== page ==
The Post

War and loss triggered Mansfield’s best work

October is not only Katherine Mansfield’s birthday month, but this year is also the centenary of the death of her much-loved brother, writes Nicola Saker.

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WORLD War I changed everything for everybody, and Katherine Mansfield was no exception.

During its four-year span she lost the one member of her family she was close to; for better or for worse, she married John Middleton Murry; and she was diagnosed with the tuberculos­is that killed her.

Of its wider impact, she wrote to Murry: ‘‘I feel in the profoundes­t sense that nothing can ever be the same – that, as artists, we are traitors if we feel otherwise: we have to take it into account and find new expression­s, new moulds for our thoughts and feelings.’’

The effect of the death of Leslie Beauchamp (known as Chummie) on her life and writing cannot be underestim­ated.

Her other family relationsh­ips were, at best, fragile.

Annie Beauchamp, her mother, viewed her with mistrust and disappoint­ment, especially after hearing of Katherine’s racy year in London following her return there in 1908.

Cutting a child out of a will is an undeniably aggressive and vengeful act, and that is just what Annie Beauchamp did in 1909.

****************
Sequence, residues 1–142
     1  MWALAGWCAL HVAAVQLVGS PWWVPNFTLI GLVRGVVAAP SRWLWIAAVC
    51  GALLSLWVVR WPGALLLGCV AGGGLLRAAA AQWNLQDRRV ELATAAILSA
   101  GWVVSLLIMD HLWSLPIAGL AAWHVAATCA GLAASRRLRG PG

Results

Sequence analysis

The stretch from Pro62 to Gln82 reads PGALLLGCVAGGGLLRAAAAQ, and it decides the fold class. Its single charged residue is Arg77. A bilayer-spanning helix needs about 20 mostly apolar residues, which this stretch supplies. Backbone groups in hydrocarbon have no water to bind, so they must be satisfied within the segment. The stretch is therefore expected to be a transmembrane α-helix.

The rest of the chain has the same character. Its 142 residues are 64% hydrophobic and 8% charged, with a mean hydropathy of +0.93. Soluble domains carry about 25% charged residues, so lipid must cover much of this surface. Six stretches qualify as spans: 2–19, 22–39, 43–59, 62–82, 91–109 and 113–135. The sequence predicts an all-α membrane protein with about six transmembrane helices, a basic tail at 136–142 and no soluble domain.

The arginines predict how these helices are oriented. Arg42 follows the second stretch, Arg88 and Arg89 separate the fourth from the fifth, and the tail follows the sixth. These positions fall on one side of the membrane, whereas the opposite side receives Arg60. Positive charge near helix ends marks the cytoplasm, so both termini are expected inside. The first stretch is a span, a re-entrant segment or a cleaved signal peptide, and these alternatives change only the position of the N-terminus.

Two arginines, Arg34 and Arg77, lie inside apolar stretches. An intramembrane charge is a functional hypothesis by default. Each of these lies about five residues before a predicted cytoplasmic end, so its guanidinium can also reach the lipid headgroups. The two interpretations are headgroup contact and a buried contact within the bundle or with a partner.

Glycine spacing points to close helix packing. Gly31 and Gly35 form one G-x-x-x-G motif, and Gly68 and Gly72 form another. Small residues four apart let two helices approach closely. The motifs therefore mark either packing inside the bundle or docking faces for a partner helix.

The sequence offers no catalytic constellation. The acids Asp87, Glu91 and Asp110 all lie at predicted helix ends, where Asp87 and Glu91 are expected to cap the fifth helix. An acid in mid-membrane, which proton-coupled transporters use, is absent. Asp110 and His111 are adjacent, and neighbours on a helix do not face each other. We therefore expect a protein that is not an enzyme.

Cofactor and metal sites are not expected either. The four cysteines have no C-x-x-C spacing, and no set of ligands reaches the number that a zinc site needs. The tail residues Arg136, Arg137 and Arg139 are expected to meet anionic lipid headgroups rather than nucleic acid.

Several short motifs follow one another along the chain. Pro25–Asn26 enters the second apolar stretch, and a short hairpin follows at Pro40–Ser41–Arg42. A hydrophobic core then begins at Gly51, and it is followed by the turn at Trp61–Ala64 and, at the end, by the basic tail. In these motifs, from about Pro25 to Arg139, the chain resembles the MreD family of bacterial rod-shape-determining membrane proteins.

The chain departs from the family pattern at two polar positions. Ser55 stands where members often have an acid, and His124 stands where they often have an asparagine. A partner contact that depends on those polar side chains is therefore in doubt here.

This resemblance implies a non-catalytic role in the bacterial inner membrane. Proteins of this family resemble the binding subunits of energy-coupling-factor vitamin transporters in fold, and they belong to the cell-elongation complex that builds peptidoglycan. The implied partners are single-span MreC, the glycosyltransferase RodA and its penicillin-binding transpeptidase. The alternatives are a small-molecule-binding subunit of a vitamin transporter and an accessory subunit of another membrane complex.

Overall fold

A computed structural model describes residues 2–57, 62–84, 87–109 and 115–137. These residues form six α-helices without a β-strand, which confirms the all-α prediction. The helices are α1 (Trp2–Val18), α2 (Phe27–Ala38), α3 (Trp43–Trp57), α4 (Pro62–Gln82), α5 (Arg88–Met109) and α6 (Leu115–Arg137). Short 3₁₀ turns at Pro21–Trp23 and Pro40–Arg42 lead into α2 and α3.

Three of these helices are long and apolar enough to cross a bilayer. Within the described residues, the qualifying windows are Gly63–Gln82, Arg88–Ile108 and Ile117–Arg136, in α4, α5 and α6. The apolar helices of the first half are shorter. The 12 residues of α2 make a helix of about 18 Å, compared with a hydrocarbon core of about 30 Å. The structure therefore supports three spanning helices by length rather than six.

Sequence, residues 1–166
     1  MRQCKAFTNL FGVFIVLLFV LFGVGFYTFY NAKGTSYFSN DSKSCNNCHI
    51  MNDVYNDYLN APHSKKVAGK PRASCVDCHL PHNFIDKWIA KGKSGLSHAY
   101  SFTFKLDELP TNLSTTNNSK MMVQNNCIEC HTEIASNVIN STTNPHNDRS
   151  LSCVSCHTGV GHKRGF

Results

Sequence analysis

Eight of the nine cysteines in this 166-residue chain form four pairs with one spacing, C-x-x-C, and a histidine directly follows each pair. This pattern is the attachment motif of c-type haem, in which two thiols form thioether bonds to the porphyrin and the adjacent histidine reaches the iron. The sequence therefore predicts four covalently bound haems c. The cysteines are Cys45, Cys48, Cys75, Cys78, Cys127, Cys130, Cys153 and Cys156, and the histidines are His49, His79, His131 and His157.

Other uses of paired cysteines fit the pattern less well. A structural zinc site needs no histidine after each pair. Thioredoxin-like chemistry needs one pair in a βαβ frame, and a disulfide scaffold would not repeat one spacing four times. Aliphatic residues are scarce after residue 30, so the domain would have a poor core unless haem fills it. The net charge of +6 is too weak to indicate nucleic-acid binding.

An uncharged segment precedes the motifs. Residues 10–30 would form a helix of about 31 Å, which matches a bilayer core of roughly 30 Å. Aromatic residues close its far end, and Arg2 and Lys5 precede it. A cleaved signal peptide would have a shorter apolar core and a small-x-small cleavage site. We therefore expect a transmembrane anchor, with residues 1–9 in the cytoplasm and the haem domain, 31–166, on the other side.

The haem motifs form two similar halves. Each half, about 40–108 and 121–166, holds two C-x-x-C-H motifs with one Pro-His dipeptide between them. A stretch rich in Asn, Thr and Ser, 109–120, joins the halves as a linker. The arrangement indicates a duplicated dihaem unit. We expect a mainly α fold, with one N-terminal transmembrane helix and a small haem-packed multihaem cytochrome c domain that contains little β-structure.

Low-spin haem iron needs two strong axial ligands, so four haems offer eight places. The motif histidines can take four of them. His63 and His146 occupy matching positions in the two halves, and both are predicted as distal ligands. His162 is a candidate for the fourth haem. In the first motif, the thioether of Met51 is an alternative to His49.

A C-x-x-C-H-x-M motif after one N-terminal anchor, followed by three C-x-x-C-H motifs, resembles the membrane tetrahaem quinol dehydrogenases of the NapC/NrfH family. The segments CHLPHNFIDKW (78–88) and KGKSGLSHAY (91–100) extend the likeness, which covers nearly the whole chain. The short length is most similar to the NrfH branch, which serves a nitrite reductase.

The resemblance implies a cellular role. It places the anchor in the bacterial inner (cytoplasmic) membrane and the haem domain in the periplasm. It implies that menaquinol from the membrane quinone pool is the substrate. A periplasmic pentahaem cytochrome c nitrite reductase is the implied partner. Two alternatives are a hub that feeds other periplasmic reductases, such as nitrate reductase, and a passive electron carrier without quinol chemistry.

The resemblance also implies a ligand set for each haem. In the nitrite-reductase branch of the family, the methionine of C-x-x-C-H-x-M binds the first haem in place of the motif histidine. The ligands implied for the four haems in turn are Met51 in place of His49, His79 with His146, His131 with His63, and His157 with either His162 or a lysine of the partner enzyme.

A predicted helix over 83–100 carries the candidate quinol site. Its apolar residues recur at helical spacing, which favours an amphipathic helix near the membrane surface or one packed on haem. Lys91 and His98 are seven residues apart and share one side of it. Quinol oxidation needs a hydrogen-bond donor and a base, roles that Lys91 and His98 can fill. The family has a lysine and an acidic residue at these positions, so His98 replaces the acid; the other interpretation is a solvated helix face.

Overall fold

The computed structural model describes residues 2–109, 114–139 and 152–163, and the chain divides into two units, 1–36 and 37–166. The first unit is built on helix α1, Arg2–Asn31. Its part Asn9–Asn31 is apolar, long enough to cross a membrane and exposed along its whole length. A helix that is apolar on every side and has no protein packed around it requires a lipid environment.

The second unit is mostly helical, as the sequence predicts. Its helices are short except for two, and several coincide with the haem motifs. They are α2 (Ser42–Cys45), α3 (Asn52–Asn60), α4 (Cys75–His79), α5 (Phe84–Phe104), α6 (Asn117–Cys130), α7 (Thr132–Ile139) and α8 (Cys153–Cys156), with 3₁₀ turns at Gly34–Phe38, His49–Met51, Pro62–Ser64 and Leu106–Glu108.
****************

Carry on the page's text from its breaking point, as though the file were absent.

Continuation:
With her father, she veered between distaste for his philistini­sm and a longing for his approval and embrace.

Her three convention­al sisters bored her. Only with Chummie did she enjoy a close sibling bond.

During her last months in Wellington, she wrote in a letter: ‘‘He and I mean to live together – later on. I have never dreamed of loving a child as I love this boy. Do not laugh when I tell you I feel so maternal towards him. He is intensely affectiona­te and sensitive.’’

They were reunited in London in February 1915. Soon after, he lent Katherine some money, purportedl­y to allow her and Murry to travel to France to do some war reporting.

This was a lie she spun him to enable her to meet up with her French lover, Francis Carco.

This expedition took Mansfield into the heart of war-torn France and she experience­d first hand the difficulti­es and privations of its citizens.

The story An Indiscreet Journey is very much based on her experience.

The amorous rendezvous lasted all of four days and she returned to London, Murry and Chummie.

He was based in Aldershot, training to be an instructor rather than for the front, and would visit her in London whenever he got leave.

At that time, she and Murry were living at 5 Acacia Rd in St John’s Wood. It had a garden with a pear tree (surely the inspiratio­n for the one in Bliss) and was one of the more attractive of the many houses she and Murry had lived in.

She and Chummie would sit in the garden and play games of ‘‘Do you remember?’’ evoking their shared childhood in Wellington.

On September 22, 1915, Chummie left for France. She wrote to him from Selfridges: ‘‘This isn’t a letter, just my arms around you for a moment.’’

O‘This isn’t a letter, just my arms around you for a moment.’ Mansfield note to her only brother, Chummie

N October 11, he was killed when a grenade that he was demonstrat­ing blew up in his hand. These particular grenades were the cause of untold numbers of unnecessar­y deaths because of their faulty design.